In 1812, Captain David Wasson came home from sea to start a farm in Brooksville and bought 100 acres of low, poorly drained fields that bordered salt water. It was “folly,” to the locals, whose expansive pastures occupied the preferable high, dry ground. First came the large white farmhouse that still presides over the Coastal Road, then a three-story red barn, then 10 children — a notable clan who became ministers, transcendentalists, abolitionists, and artists whose descendants still inhabit today’s Brooksville, though not the ancestral farm.
David’s Folly has been farmed continuously since 1819. Many people trace their discovery of Brooksville to a stay at The Folly, which Minerva Cutler ran as a bed and breakfast from 1920 until the 1980s. Decades ago, eminent back-to-the landers Scott and Helen Nearing planned their farming renaissance during a stay at this seminal farm. Minerva also did a thriving trade in “magic earthworms,” good old regular earthworms with a spirited legend attached.
To its present-day farmers, John Altman, 52, and Emma Simanton Altman, 41, The Folly is a precious heirloom, akin to other small farms on the Blue Hill peninsula. They embrace a heritage of stewardship to produce organically-raised pork and lamb, goat cheese and more. Wasson’s farmhouse endures as residence for the Altmans and their kids: Nick, 14, Izabelle, 7, and Rye, 5 (plus William, 27, Caroline, 25, and Lily, 22, from a prior brood).
Emma comes from a pig- and sheep-farm family in Malta, Montana. John hails from Maryland, but channels the influence of many years in northern New England and 30 years in Maine, formerly as a high-end home builder. After a two-year stint managing a 1,500-acre dairy farm on the Eastern Shore in Maryland, they swapped industrial farming, eschewing emphasis on crop yields and debt service, for Brooksville’s Katy Hill Farm. Its 100-acres of blueberry fields, 30 sheep and goats; cheese- and yogurt-making, and even a farm camp complete with Montana tipi was a vast improvement. “We started with this romantic idea of having a goat dairy,” says Altman. Then David’s Folly, just down the road, became available. “This land matched our intentions.”
They bought the farm in May 2013.
Achieving those intentions hasn’t been easy. The fields needed reconditioning; the massive barn was unsuitable for winter lambing; the old farmhouse hemorrhaged heat. The family slept in down jackets and hats. As improved and innovative systems took hold, the “shift and shuffle” of a farmer’s knack for improvisation has tapered. The new outdoor wood furnace meant zero oil bill this winter. “And no more fighting over the length of showers,” says Altman.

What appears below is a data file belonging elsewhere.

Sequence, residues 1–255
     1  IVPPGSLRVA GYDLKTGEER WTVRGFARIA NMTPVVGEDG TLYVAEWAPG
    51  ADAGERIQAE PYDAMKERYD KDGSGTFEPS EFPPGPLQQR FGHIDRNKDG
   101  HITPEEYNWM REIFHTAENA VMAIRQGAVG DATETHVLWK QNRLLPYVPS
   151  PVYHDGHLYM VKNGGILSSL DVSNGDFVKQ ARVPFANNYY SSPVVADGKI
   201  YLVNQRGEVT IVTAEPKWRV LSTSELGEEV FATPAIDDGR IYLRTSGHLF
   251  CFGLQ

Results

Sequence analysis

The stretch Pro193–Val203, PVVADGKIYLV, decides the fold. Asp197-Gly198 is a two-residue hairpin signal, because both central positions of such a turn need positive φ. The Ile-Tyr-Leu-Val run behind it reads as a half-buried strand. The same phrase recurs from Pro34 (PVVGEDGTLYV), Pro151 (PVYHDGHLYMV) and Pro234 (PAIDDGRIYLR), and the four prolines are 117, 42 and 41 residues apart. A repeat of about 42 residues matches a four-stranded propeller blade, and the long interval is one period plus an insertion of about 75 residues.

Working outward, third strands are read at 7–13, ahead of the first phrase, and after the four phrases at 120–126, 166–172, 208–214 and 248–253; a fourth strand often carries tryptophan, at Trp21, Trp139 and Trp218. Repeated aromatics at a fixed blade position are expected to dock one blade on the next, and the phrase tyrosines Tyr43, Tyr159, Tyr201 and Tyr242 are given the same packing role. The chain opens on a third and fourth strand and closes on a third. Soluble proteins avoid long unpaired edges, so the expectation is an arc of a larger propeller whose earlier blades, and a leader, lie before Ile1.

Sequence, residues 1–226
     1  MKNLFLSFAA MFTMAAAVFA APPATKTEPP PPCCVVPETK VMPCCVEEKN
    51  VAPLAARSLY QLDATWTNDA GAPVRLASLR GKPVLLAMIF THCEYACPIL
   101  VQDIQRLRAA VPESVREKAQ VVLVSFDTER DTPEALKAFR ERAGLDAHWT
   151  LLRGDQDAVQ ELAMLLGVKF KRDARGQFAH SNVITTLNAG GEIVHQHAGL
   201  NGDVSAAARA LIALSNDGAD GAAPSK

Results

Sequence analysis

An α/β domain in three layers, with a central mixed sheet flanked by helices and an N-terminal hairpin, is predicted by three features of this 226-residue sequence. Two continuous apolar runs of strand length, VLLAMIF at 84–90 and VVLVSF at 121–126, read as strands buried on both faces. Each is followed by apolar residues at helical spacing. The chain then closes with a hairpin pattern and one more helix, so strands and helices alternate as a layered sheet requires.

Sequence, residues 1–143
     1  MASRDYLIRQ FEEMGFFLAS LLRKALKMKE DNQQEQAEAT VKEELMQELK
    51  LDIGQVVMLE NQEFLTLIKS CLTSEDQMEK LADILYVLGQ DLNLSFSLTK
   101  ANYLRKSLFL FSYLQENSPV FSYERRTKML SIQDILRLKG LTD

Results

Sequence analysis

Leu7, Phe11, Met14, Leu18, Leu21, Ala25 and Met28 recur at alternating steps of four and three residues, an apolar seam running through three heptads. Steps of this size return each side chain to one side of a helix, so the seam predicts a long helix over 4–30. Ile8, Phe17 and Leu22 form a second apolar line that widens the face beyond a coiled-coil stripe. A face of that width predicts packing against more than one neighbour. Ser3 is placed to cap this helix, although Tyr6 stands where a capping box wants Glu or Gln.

It took 16 months to produce this year’s 100 Heritage Mangalitsa/Large Black cross pigs, and 50 Tunis/Dorset cross lambs. David’s Folly exquisite bacon and pork chops are made from animals born on the farm, grazed in idyllic pastures, sent away for processing, and return for distribution to a clientele craving local, that they know personally.
“The life of our pigs can’t get any better,” says Emma. “Hogs are raised in the woods and foraging the good earth. We finish pork in the fall because the bounty is so plentiful for them: acorns, apples, squash, pumpkins.” The breed is renowned for its red, flavorful meat and creamy, premium quality lard. They love forage and unconventional feeds and are GMO-free; USDA-inspected. Organic certification is pending.
Farm romance persists in special events. “The barn itself is a magical, cathedral space,” says John. Friends asked to be married there in 2013. Now, the Folly hosts a dozen weddings, concerts, and educational food workshops annually, a growing value-added product. Say “I do!” down on Wasson Cove seated on hay bales or under the apple blossoms. Go on hayrides. Hold your reception with vintage china, jam jars for water and goblets for wine, and a band in the holy barn beneath the “swallow thronged loft.” It was no problem to welcome 650 people for a barn dance with The Soulbenders.
On July 21, Brooksville will celebrate its bicentennial at the farm that is older than the town, including epic fireworks in the field. The future augurs more pigs, and perhaps shepherd huts or vacation cottages for farm stay vacationers. And every so often, someone drops by seeking the magical, heirloom worms they “remember as a little girl.” It’s tough being guardians of past and future. Perhaps that’s part of sustainability.
Learn more: David’s Folly Farm, 1390 Coastal Rd., Brooksville.
David’s Folly produce is available at the following restaurants and retailers: Aragosta in Stonington, The Lost Kitchen in Freedom, Tinder Hearth in Brooksville, Tradewinds Market in Blue Hill, The Night Market on Tuesdays from 4-6 p.m. in Deer Isle village, and direct at the farm, dawn to dusk…including eggs. Coming soon: Quail eggs and turkeys.